Neighborhood Organizing

Print
Press Enter to show all options, press Tab go to next option
Three Days on Your Own

Depending upon the severity and location of the disaster, entire Walnut neighborhoods may be temporarily cut off from outside assistance, and residents could be their own for as long as three days or more.

Neighborhood Response Teams

Organizing into small Neighborhood Response Teams, is not only a good way to share information, but also represents an affirmative step in pulling together vital skills and resources which may be required following a disaster.
  • Get to know your neighbors, and become familiar with their routines. You are going to become partners in surviving a disaster. Start by exchanging names, home and work telephone numbers. Get to know which households have infants, latch key kids, seniors, individuals with disabilities or pets.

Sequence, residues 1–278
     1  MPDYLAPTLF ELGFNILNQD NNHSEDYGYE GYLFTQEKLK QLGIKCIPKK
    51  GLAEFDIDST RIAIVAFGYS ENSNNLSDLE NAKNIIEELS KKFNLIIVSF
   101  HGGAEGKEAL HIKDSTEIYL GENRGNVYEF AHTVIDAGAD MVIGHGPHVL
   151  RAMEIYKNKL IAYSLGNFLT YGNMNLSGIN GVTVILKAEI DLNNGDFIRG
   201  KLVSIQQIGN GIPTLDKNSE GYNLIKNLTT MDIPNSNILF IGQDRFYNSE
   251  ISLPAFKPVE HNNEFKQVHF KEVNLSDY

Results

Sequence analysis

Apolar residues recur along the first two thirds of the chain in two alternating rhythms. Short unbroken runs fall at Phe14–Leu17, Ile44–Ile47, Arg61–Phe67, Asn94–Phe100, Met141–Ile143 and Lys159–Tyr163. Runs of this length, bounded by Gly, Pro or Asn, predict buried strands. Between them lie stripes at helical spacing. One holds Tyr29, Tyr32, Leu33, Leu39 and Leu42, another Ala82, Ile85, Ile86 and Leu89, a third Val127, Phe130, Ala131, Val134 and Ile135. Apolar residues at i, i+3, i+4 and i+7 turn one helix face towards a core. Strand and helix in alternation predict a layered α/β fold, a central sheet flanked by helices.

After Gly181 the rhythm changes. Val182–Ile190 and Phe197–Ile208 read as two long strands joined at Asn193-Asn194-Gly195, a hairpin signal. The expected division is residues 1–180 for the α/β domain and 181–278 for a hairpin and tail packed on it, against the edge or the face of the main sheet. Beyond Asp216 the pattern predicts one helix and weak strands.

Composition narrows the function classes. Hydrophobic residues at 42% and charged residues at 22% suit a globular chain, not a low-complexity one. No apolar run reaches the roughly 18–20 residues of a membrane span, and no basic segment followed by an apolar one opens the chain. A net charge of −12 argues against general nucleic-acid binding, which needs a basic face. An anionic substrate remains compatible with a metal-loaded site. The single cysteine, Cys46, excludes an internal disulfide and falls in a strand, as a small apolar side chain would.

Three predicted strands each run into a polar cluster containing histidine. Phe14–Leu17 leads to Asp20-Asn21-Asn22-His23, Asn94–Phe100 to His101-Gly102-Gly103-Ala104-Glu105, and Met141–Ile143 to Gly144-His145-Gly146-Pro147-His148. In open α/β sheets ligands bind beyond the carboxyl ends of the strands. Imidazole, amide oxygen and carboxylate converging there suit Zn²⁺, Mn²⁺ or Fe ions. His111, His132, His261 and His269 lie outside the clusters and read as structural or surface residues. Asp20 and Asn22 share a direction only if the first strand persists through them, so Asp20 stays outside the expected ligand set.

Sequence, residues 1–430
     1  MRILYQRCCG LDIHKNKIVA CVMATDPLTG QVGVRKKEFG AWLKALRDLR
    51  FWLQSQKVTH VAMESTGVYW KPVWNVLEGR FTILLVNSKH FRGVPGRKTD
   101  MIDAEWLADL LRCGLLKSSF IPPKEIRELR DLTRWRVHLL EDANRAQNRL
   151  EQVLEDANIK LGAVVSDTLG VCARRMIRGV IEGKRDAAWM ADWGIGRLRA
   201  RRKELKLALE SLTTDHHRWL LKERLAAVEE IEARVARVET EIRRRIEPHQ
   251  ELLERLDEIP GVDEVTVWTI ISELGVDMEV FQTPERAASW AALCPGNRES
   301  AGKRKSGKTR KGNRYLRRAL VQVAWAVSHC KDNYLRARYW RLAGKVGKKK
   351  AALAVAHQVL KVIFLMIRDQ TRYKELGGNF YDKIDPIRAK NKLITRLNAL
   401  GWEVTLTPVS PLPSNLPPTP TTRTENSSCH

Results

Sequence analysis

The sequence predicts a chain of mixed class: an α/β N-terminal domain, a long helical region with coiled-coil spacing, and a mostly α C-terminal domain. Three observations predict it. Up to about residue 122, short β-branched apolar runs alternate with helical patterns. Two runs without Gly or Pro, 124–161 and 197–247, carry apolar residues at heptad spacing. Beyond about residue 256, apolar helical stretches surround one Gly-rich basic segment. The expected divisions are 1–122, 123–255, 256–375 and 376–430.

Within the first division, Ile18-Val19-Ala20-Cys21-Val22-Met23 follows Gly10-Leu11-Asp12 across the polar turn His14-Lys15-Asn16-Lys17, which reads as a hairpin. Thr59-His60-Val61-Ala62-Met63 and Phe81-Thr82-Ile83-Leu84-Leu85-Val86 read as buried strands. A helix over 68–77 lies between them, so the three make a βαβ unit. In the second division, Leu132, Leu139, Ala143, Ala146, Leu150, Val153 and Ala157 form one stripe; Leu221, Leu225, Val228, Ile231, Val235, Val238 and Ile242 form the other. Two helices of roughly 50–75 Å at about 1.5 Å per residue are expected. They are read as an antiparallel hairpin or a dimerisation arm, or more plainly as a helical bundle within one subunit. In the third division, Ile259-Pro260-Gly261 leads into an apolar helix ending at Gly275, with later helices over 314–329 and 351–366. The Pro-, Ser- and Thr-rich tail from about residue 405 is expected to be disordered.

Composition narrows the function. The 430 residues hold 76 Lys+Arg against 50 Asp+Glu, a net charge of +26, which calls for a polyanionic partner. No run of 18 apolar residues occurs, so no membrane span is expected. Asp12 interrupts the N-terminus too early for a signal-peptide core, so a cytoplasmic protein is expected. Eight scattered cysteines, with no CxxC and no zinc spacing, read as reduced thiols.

• Draw a neighborhood map, (see next page) depicting each house number, occupant name with home and work telephone numbers.
  • List the important skills and survival equipment of your neighbors. Know who has:
    • Medical, first aid or CPR training, such as physicians, nurses and paramedics.
    • Emergency training, such as police or fire personnel.
    • Mechanical training, including plumbers, electricians or building contractors; tools are also important.
    • Communications equipment, including cellular phones, ham radios or Citizen Band radios.
    • Outdoor camping experience and gear, including tents, stoves, sleeping bags, etc.
    • A water purifier.
    • A four-wheel drive vehicle.
    • Gasoline-powered generators.
    • Vegetable or fruit gardens.